Five burning issues for the African Union meetings

The 37th African Union (AU) summit began in Addis Ababa on 14 February with dozens of government delegations jetting in. Heads of state from across the continent will meet from 17-18 February. Several thorny issues already feature on the agenda of this Pan-African reunion.

Member states will discuss ongoing conflicts in Sudan and Libya. But presidents, foreign ministers and government representatives will also tackle a range of political and institutional crises that are rocking the continent.

On the agenda: turmoil sparked by Senegal’s postponed presidential poll, turbulence as the Economic Community of West African States (ECOWAS) prepares for Mali, Burkina Faso and Niger’s exit, and the escalating tensions between Rwanda and Democratic Republic of Congo (DRC).

Successor to Azali Assoumani finally nominated

When not negotiating behind closed doors, presidents will officially appoint Mohamed Ould Cheikh El Ghazouani as AU president, successor to Azali Assoumani of Comoros who was elected in February 2023. An uncertain candidacy long fraught by regional divergence.

As per the AU’s rotation principle, after Comoros and Senegal came North Africa’s turn. Most saw Mauritania’s president as a consensus candidate, yet his nomination dragged on. Bogged down by Algerian-Moroccan tensions and divisive Tunisian and Egyptian leaders, the region struggled to compromise, risking the AU presidency passing to Southern Africa. Barring a last-gasp upset, Mr Ould Cheikh El Ghazouani will take the helm at the AU.

AU wins seat at G20 top table

Looking back over his tenure, Assoumani can boast at least one significant diplomatic victory. Last September, the AU officially joined the G20, gaining a seat beside heavyweights like India and Turkey. Despite lacking the UN Security Council role it craves, the AU can now amplify African voices on the world stage. As plans shape up, the AU head will represent Africa at G20 forums. No surprise then that Brazil’s President Lula, current G20 chair, will guest star at the Addis summit.

West Africa’s political turmoil set to dominate

West Africa’s political upheavals will likely dominate discussions. Mired in an unprecedented crisis since its 1975 creation, the hitherto exemplary ECOWAS, Africa’s most successful integration model, is bracing for the economic fallout of Mali, Burkina Faso and Niger’s withdrawal – announced jointly under a new Sahel States Alliance late January.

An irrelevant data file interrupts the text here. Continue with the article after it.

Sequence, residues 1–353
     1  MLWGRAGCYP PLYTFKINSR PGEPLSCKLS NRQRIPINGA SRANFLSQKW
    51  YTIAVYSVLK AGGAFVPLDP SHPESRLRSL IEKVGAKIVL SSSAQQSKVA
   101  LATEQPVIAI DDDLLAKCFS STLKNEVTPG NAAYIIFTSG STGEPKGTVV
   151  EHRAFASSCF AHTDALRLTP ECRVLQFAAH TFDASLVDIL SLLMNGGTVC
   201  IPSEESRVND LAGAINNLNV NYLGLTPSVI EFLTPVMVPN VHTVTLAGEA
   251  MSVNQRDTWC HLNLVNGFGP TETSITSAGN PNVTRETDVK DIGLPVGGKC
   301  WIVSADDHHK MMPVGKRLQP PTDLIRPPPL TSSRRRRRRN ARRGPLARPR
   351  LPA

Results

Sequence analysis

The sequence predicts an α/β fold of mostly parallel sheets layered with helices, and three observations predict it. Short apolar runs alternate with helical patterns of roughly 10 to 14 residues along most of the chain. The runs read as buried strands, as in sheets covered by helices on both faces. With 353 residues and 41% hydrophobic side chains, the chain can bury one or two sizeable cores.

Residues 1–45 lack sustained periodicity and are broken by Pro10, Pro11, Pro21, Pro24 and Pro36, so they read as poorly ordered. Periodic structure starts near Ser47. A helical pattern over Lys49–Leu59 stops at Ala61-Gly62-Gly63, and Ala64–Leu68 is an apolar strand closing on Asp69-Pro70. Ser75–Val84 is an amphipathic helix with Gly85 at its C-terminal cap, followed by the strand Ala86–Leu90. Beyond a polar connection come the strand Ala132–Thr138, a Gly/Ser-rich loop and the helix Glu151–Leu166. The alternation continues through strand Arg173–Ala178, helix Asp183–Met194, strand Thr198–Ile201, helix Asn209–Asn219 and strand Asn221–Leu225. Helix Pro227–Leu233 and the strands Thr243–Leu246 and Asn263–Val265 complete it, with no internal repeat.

Beyond the current crop of junta regimes – who are suspended from the AU – the bloc will scrutinise Senegal’s crisis. President Macky Sall’selection postponement announcement has sparked an unprecedented political crisis, thrusting the erstwhile democratic darling under the spotlight.

Momentum needed to reboot DRC-Rwanda mediation

Also topping the summit agenda: military and diplomatic tensions pitting DRC against Rwanda. Kinshasa charges Kigali with backing M23 rebels whose forces have fought in North Kivu since late 2012. With a brief December ceasefire in tatters, border violence has soared.

As Washington ratchets up pressure on regional allies to find solutions, the Addis platform could revive sputtering mediations – primarily by Angola’s João Lourenço, AU mediator since 2022. Though his July 2022 mediation enabled talks between Paul Kagame and Félix Tshisekedi, ties between both men have since frayed.

Turbulent relations between Kenyatta and his successor William Ruto threaten continued Kenyan mediation efforts

In parallel, Nairobi also endeavours to intercede via former president Uhuru Kenyatta – whose AU summit attendance remains unconfirmed. Yet turbulent relations between Kenyatta and his successor William Ruto threaten continued Kenyan mediation efforts.

Horn of Africa tensions feature

Also under the microscope: diplomatic tensions in the Horn of Africa, inflamed early January by military cooperation talks between Addis Ababa and the separatist Somaliland region, just a week after a maritime agreement.

The partnership, granting landlocked Ethiopia renewed sea access – lost with Eritrea’s 1993 independence – predictably irked Somalia. Mogadishu fiercely contests Somaliland’s unilateral claim to statehood, which is not recognised by the international community.

After 2020 negotiations failed, Somalia and Somaliland are slated to restart talks, following a dialogue agreement signed December 29th under Djibouti’s President Ismael Omar Guelleh.

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